Value is what you get in exchange for what you give. In software development, we tend to identify value in terms of features. They are related to be sure, but quite different. Features as cohesive bundles of functionality that align with business goals and objectives. Features can come in various formats and levels of granularity, including user stories, minimum marketable features, minimum viable product, epics, and so on.

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Value: The Lynchpin in Agile Product Management

Defining Value

You’d think the topic of value would be uncontroversial when it comes to agile product management and ownership. After all, early and continuous delivery of value is the first principle in the Agile Manifesto.

And yet, the idea is not always clear and consistent. Value is often not easily qualified or quantified, which makes the important task of conversing transparently about value difficult.

At the Agile Product Open last month, I proposed the topic “Value: The Whats, Whys, and Hows” in the morning marketplace of ideas.

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Agile Product Open: An Illustrated Interview

Agile Product Open Illustraion

I spend a lot of time in my work sharing the value of visualization in agile discovery. What better way to share the value of the upcoming Agile Product Open event (May 21, 2016) than visually!

Here is an illustrated interview created by Iris Amelia Febres after interviewing Vanessa Ferranto and myself (we are co-producing the event). We shared the reasons why we started this new event and our passion for the conference theme: “Bringing Agile Principles to Product Management”.

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Product Owner Survival Camp, USA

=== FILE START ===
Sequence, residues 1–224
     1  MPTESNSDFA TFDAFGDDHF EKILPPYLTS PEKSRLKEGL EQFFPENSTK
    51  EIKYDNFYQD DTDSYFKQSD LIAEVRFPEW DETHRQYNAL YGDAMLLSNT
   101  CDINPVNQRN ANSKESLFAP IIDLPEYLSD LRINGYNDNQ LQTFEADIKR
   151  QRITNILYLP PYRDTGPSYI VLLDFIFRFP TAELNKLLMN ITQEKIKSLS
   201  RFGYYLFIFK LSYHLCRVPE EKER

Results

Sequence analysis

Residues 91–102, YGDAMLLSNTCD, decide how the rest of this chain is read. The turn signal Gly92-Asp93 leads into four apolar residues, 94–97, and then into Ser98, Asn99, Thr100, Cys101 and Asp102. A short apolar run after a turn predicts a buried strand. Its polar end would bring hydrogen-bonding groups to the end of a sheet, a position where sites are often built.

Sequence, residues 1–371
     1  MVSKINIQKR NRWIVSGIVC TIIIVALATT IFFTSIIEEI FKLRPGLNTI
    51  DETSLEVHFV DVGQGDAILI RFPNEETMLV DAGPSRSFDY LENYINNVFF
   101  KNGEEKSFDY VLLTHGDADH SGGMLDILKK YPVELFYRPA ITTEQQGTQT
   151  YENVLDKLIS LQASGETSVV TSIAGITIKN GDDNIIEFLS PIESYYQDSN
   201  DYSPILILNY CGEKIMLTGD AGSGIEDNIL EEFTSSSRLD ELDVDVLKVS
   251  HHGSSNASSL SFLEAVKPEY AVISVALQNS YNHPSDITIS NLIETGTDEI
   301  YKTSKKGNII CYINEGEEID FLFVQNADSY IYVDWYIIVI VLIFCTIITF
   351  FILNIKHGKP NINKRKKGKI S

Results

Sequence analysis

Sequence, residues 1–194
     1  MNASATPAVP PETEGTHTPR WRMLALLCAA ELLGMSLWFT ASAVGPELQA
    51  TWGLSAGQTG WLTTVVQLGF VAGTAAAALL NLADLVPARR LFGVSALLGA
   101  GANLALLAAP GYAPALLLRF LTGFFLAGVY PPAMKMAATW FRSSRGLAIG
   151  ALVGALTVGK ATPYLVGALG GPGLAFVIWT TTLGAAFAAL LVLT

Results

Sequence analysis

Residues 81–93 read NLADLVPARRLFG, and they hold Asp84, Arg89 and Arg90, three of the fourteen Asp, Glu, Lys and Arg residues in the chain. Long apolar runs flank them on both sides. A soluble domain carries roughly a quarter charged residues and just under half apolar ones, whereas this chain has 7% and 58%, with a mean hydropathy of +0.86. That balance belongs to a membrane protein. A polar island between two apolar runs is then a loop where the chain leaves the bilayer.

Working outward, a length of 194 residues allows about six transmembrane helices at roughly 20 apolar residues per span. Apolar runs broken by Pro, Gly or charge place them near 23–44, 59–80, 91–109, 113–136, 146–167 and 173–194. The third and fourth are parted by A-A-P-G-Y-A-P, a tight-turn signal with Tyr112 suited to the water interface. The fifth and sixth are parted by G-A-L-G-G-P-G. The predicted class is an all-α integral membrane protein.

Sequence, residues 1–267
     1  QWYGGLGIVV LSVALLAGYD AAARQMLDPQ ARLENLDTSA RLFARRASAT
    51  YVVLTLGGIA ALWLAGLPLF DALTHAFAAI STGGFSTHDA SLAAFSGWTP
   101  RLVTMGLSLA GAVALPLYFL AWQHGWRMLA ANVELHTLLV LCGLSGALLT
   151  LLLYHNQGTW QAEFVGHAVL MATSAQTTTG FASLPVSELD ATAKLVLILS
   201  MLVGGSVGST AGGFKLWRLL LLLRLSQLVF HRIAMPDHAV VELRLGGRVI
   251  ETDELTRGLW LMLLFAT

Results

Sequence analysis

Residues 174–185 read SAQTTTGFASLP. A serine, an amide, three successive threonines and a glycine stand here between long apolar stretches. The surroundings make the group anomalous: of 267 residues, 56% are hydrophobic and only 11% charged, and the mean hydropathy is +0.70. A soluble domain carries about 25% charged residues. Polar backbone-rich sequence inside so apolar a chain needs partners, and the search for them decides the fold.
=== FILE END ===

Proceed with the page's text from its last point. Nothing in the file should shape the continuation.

Product Owner Survival Camp USA

Product owners often find themselves alone in the organizational wilderness, straddling tactical with strategic product work. To succeed, they need to be inventive yet intensely focused; collaborative but decisive; and far-sighted but detail oriented.

The best product owners are strategic—envisioning the product, communicating upstream with business executives, researching the market, and continually planning for delivery of high-value product options. At the same time, they are also tactical—communicating downstream with the delivery team, running product demos, and discussing technical considerations.

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Learning about Agile Requirements: “Voice of the Customer” Highlights

7ProductDimensions
Agile Requirements – Creative Collaborative and Colorful Discovery – was the title of a workshop held on March 16, 2015, at the RE Conf (Requirements Engineering Conference) in Munich. Coach Ellen Gottesdiener (founder of EBG Consulting) is a renowned pioneer in the field of collaborative partnerships for Requirements Engineering and Management. During this workshop we experienced her creative and colorful way of thinking – and were quite impressed by her “retro approach” based on flip charts and colored post-its.

What’s more, we were not allowed to forget the “mantra of value” during the one-day workshop! Every software application (or even hardware component) upgrade must add value for the various customer, business and technology stakeholders or partners involved. Otherwise the requirement should be disregarded.